Left _I_________________V_ Right
Deviations from this “benchmark” will be noted below.
Relative Channel Loudness. This is the relation of the Left channel to the Right channel. Each source has its own recipe, affecting the listening experience, especially under headphones.
Relative channel loudness differs from overall loudness. Whereas the former may cause a desire to rebalance the channels (by whatever method), the latter (which I will call “gain”) motivates to adjust the volume knob.
Sonic Rating by Mono Summing. The deviations to Wide Stereo are limited, those deviations being (1) channel placement (see “Mix Information” above), (2) relative channel loudness (already covered), and (3) equalization. Due to this minimalism, I decided to listen in Mono to determine the sonic rating (this also satisfied any curiosity concerning “how it would sound”). When I double-checked my findings in Stereo, I was pleased that they matched.
Terminology. "Meter" means the Audacity Output Level Meter.
End of Song. UPDATE February 2, 2011. The fade is the same as on Mono. Most sources give only one click, The Early Beatles being a hearty one. But on the 2009 Remaster I think two clicks are audible.
General. This Variation has a steady Left (instrumental) channel.
UK LP Please Please Me (1963) - Stereo
General. This Variation apparently applies only to the first (“-1”) lacquer for this particular album.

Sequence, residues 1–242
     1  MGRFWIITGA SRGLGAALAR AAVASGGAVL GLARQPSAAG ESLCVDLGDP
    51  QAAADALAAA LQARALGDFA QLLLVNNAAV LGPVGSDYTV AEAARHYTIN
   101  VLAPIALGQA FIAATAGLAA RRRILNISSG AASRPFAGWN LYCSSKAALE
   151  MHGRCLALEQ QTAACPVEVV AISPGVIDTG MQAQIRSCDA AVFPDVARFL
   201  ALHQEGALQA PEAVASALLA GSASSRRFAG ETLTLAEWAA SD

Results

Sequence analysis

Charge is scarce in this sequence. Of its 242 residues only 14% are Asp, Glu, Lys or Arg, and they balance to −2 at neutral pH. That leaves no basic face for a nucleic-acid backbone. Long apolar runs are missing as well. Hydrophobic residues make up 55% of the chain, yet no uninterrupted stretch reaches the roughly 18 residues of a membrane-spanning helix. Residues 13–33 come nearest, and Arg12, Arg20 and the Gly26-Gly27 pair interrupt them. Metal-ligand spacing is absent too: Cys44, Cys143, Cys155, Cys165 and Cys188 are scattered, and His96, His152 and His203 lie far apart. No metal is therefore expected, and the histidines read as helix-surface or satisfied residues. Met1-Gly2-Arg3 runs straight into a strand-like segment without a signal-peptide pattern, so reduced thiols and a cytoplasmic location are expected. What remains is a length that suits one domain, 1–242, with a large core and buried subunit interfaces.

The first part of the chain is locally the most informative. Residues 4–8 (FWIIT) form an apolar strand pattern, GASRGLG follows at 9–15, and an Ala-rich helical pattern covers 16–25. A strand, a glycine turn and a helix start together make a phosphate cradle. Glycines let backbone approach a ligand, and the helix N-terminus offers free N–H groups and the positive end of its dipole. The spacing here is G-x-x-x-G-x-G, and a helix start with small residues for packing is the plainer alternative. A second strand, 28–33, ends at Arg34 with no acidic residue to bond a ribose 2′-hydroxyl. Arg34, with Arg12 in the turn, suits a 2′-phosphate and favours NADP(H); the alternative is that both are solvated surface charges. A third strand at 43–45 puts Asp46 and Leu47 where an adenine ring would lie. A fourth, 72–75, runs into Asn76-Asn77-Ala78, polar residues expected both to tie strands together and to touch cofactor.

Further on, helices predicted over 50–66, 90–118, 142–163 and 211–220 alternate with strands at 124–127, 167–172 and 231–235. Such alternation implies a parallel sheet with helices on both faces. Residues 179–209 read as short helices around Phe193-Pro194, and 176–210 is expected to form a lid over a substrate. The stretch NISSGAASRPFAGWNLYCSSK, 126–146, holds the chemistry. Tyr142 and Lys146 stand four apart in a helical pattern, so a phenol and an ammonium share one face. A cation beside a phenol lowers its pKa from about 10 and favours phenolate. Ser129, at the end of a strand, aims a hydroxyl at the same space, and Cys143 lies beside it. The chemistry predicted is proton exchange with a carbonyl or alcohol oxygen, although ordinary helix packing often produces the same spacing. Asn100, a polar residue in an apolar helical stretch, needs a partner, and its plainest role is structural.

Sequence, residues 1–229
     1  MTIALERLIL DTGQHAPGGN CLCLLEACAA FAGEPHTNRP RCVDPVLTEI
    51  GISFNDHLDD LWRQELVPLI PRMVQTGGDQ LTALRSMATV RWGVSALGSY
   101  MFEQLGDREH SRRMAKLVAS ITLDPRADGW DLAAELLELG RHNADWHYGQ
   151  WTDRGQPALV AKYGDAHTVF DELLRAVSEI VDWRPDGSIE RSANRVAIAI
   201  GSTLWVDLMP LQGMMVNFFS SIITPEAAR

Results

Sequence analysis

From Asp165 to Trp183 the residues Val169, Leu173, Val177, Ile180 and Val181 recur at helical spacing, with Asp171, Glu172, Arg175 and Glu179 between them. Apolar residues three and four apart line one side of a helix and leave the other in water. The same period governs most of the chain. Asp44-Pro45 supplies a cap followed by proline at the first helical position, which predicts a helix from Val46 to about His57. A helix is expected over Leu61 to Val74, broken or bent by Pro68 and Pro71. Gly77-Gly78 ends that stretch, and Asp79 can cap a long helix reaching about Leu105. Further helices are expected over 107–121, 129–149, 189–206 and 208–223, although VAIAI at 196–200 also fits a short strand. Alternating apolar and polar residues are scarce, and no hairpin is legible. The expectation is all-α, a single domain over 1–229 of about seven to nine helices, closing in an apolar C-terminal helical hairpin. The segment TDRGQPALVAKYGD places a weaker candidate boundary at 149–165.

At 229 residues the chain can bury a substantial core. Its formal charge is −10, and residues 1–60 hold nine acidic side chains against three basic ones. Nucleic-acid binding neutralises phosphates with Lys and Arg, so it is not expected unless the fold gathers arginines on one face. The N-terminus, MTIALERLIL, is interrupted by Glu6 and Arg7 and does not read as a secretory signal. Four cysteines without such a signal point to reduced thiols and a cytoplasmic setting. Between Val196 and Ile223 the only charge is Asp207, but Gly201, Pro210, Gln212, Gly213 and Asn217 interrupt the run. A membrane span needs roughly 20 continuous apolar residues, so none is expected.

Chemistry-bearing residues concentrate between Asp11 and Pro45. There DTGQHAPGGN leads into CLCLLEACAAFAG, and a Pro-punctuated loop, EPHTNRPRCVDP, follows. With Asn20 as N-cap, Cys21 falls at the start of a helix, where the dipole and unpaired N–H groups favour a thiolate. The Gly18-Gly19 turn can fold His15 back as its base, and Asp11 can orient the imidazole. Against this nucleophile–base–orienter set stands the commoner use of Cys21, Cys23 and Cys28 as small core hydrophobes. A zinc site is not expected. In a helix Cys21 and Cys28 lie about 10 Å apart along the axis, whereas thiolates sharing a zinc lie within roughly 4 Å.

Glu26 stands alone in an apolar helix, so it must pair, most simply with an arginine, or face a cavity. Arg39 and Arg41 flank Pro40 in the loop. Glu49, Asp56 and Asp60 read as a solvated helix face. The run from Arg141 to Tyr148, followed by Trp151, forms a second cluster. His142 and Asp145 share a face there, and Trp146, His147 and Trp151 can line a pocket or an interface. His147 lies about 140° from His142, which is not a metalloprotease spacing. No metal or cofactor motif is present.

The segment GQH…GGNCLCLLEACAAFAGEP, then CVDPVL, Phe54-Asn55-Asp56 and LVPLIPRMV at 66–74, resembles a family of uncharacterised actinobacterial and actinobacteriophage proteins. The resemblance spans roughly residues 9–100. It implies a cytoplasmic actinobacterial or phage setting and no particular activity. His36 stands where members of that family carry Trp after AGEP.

Details for various incarnations of this album are: here.
My Sources: (1) Vinyl “two-box” label, “2” mother, deep stamper (9th press, ca. 1970). (2) Pbthal “Tube Cut” two-box needle-drop FLAC.
Relative Channel Loudness. On both vinyl and FLAC, the channels have good relative loudness.
Sonic Rating by Mono Summing. Vinyl and FLAC, VERY GOOD. Good. Drums and vocal stand out. Guitar tinkles along. Bad. Vinyl has light bass, FLAC very light. In fact, the entire cut has a lightweight feel (like linen).
US LP Introducing the Beatles (1964) – Stereo, “Version 2”
$ expensive !
General: Vee-Jay album, catalog SR-1062. This derives from the first UK lacquer, and conforms to the spec for Variation 3.0.
My Source: Dr. Ebbetts needle-drop FLAC.
Relative Channel Loudness. Compared to Blue Box FLAC, the Left channel is somewhat quieter, but the Right (vocal) channel is much louder. It’s not bad.
Sonic Rating by Mono Summing. VERY GOOD. Good. I’ll give it high marks for guts in swamping with bass, and the dynamics stay pretty natural. Bad. Definitely loses some important harmonics in the process (guitar and drums). Peaks a bit also.